Islamic Manuscripts from the Cleveland Public Library Collection
As one of the religions of the book, Islam has long sponsored the arts of the book. The Special Collections Department of the Cleveland Public Library holds an impressive collection of manuscript books from the Islamic world. Its origins lie in the John G. White Collection of Orientalia and Folklore, which was established by White for the Library in 1899. White concentrated on collecting primary source texts that would, in his words, “let Orientals speak for themselves.”
For Muslims, the Qur’an is the word of God as revealed to Prophet Muhammad. In the 800’s, the written Qur’an acquired a distinctive form composed of an angular script known as kufic, an open page layout, and a horizontal format. Around the year 1000, the cursive or naskhi script that had been used for other texts was standardized and applied to the Qur’an. The new manuscripts used a vertical format and had a much denser use of space that was accomplished either through the close spacing of the text itself or with elaborate decoration. The Qur’an manuscript page reproduced here shows the continuing use of these forms in India in the 1700’s. Elites of the Mughal, Safavid, and Ottoman empires collected earlier Qur’ans, which they prized as the work of famous calligraphers, and sponsored the production of new manuscripts that refined upon these established forms.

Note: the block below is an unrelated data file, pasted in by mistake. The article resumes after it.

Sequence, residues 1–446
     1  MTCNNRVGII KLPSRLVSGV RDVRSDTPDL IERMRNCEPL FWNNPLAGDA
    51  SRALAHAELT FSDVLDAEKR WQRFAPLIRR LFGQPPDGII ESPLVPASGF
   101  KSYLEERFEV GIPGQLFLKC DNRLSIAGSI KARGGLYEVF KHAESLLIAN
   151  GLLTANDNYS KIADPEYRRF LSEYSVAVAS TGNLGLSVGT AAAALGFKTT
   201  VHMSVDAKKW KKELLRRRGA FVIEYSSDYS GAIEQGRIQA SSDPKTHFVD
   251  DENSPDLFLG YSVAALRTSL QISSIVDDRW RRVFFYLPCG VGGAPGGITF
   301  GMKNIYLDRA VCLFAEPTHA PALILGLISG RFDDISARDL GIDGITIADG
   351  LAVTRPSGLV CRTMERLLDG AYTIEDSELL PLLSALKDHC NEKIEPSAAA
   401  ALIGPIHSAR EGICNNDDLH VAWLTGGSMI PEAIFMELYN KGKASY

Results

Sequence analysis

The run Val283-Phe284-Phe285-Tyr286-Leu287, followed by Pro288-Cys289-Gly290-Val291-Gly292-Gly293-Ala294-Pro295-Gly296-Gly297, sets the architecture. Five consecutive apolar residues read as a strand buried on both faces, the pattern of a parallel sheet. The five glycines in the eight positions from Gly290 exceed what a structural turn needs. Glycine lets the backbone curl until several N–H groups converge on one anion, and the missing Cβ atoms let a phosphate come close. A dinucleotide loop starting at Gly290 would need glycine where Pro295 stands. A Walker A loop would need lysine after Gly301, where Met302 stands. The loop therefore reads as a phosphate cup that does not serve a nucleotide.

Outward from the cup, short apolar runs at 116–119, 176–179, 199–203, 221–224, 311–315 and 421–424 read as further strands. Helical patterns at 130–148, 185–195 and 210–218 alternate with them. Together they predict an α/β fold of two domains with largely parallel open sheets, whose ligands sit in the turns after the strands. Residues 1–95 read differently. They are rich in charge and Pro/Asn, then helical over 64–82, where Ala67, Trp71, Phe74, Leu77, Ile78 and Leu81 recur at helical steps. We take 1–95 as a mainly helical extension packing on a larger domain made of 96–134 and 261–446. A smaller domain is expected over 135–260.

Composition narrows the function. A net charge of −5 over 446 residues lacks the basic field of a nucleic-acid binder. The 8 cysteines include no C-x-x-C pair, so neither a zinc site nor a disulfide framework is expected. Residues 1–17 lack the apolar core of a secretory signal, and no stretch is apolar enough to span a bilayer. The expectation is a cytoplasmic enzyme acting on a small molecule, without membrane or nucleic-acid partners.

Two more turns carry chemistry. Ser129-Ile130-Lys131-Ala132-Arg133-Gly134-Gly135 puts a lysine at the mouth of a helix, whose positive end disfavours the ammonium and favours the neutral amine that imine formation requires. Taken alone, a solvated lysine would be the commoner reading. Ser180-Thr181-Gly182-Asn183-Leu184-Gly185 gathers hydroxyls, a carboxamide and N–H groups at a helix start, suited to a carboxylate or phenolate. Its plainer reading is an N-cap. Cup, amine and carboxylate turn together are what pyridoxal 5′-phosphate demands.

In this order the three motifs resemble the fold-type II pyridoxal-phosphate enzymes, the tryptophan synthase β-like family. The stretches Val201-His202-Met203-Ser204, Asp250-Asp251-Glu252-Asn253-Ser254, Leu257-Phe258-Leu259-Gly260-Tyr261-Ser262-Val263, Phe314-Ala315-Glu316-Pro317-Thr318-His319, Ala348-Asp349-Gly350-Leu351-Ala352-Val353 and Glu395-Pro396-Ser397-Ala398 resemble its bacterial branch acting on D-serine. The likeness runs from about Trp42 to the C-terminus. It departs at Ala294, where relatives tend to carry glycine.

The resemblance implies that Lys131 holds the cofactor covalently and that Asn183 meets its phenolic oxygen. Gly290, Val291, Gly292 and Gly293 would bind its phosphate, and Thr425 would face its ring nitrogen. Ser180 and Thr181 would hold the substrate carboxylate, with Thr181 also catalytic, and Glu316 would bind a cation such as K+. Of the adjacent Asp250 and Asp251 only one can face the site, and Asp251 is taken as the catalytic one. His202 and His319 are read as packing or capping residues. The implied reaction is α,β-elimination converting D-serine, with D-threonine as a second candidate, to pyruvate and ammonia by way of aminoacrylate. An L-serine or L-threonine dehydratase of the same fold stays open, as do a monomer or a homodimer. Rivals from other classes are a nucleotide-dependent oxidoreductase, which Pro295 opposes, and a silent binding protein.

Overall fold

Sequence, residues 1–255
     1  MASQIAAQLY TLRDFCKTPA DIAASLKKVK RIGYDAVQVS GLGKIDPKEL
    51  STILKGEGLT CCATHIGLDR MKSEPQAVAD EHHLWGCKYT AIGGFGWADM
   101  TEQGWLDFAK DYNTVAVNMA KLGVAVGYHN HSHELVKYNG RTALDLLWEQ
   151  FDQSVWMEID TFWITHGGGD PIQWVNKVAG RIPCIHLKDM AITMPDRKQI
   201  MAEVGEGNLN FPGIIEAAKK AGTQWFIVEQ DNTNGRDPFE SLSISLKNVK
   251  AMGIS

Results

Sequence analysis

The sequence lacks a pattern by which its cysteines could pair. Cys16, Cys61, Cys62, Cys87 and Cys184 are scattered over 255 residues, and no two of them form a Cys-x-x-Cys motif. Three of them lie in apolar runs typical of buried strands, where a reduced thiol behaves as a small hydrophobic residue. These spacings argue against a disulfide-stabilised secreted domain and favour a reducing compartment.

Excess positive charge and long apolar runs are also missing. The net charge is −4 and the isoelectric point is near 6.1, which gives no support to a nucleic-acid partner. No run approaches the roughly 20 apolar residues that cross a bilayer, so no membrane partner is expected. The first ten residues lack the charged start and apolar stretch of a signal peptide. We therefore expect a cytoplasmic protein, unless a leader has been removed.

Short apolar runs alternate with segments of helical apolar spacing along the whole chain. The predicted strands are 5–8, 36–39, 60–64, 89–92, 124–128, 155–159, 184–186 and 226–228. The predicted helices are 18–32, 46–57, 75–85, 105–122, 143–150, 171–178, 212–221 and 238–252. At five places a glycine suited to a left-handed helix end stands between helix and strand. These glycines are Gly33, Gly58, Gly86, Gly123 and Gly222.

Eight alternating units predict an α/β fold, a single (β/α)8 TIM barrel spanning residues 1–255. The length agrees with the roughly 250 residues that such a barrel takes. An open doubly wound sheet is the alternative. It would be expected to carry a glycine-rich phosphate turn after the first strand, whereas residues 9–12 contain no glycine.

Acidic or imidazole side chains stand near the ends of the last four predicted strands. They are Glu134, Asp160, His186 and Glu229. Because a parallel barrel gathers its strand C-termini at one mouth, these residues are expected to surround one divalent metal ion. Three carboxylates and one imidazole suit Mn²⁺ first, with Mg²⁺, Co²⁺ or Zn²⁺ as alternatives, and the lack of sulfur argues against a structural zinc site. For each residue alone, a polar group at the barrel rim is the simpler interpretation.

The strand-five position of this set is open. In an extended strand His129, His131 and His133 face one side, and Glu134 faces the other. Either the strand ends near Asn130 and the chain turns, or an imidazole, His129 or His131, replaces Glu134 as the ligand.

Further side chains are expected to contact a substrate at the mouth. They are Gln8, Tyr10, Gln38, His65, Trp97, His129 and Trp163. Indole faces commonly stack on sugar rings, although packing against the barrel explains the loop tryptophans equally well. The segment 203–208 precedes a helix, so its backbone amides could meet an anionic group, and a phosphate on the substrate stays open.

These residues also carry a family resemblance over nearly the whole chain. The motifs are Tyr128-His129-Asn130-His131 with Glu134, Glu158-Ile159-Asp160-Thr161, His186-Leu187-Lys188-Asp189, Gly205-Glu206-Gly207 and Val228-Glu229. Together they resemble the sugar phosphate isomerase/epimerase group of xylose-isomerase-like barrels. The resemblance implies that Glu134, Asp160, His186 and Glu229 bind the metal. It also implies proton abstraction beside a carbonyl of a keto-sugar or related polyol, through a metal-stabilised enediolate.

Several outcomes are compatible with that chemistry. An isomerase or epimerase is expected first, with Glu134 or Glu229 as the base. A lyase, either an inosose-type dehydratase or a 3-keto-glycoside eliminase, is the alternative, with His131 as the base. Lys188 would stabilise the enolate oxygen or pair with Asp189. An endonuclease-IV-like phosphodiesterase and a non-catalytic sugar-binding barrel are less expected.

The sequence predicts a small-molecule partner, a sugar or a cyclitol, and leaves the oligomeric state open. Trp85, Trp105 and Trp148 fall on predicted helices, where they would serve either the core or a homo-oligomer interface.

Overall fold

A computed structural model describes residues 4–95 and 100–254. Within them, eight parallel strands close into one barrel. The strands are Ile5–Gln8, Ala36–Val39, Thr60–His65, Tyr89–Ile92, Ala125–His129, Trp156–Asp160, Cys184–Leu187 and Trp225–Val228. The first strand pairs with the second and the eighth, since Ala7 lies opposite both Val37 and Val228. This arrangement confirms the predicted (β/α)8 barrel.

Islam shares with Judaism and Christianity a concern over the use of representational art in religious contexts as potentially idolatrous, therefore Qur’an manuscripts do not contain illustrations. However, manuscripts of other texts from the Islamic world are frequently illustrated, as is demonstrated in this exhibit with copies of Nizami’s allegory of the Seven Princesses and Jami’s romance of Yusuf and Zulaykha. The story of the latter poem comes from the Qur’an and is its version of the story of Joseph and Potiphar’s wife: Jami was influenced by Sufi mystics for whom Zulaykha’s pursuit of Yusuf is an allegory of the soul’s desire for God.
Marian Bleeke, Curator